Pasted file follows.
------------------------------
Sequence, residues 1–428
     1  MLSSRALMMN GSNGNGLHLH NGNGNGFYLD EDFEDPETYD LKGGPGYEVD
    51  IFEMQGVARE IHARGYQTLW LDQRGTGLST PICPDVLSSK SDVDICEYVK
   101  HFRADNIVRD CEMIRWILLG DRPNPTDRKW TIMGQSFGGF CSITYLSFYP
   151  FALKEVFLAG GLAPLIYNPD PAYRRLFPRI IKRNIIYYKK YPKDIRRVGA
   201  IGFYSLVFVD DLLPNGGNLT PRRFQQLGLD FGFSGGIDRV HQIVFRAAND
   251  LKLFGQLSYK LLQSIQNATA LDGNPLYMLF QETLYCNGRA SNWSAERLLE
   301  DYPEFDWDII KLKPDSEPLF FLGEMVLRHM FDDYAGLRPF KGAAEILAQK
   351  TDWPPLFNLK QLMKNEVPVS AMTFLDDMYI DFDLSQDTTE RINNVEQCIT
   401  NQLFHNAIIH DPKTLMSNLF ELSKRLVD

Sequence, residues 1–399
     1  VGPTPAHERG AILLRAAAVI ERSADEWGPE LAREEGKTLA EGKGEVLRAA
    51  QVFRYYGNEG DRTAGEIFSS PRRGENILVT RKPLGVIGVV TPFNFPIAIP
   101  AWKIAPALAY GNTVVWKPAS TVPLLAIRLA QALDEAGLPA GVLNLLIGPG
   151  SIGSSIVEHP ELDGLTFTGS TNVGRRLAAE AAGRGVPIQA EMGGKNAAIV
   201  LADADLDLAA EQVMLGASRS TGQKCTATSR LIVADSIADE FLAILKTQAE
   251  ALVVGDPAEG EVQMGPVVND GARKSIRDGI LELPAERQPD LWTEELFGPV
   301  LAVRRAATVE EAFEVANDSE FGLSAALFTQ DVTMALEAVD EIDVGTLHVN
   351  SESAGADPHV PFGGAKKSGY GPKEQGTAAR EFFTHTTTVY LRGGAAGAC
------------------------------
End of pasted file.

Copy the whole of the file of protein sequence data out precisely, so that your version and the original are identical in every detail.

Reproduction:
Sequence, residues 1–428
     1  MLSSRALMMN GSNGNGLHLH NGNGNGFYLD EDFEDPETYD LKGGPGYEVD
    51  IFEMQGVARE IHARGYQTLW LDQRGTGLST PICPDVLSSK SDVDICEYVK
   101  HFRADNIVRD CEMIRWILLG DRPNPTDRKW TIMGQSFGGF CSITYLSFYP
   151  FALKEVFLAG GLAPLIYNPD PAYRRLFPRI IKRNIIYYKK YPKDIRRVGA
   201  IGFYSLVFVD DLLPNGGNLT PRRFQQLGLD FGFSGGIDRV HQIVFRAAND
   251  LKLFGQLSYK LLQSIQNATA LDGNPLYMLF QETLYCNGRA SNWSAERLLE
   301  DYPEFDWDII KLKPDSEPLF FLGEMVLRHM FDDYAGLRPF KGAAEILAQK
   351  TDWPPLFNLK QLMKNEVPVS AMTFLDDMYI DFDLSQDTTE RINNVEQCIT
   401  NQLFHNAIIH DPKTLMSNLF ELSKRLVD

Sequence, residues 1–399
     1  VGPTPAHERG AILLRAAAVI ERSADEWGPE LAREEGKTLA EGKGEVLRAA
    51  QVFRYYGNEG DRTAGEIFSS PRRGENILVT RKPLGVIGVV TPFNFPIAIP
   101  AWKIAPALAY GNTVVWKPAS TVPLLAIRLA QALDEAGLPA GVLNLLIGPG
   151  SIGSSIVEHP ELDGLTFTGS TNVGRRLAAE AAGRGVPIQA EMGGKNAAIV
   201  LADADLDLAA EQVMLGASRS TGQKCTATSR LIVADSIADE FLAILKTQAE
   251  ALVVGDPAEG EVQMGPVVND GARKSIRDGI LELPAERQPD LWTEELFGPV
   301  LAVRRAATVE EAFEVANDSE FGLSAALFTQ DVTMALEAVD EIDVGTLHVN
   351  SESAGADPHV PFGGAKKSGY GPKEQGTAAR EFFTHTTTVY LRGGAAGAC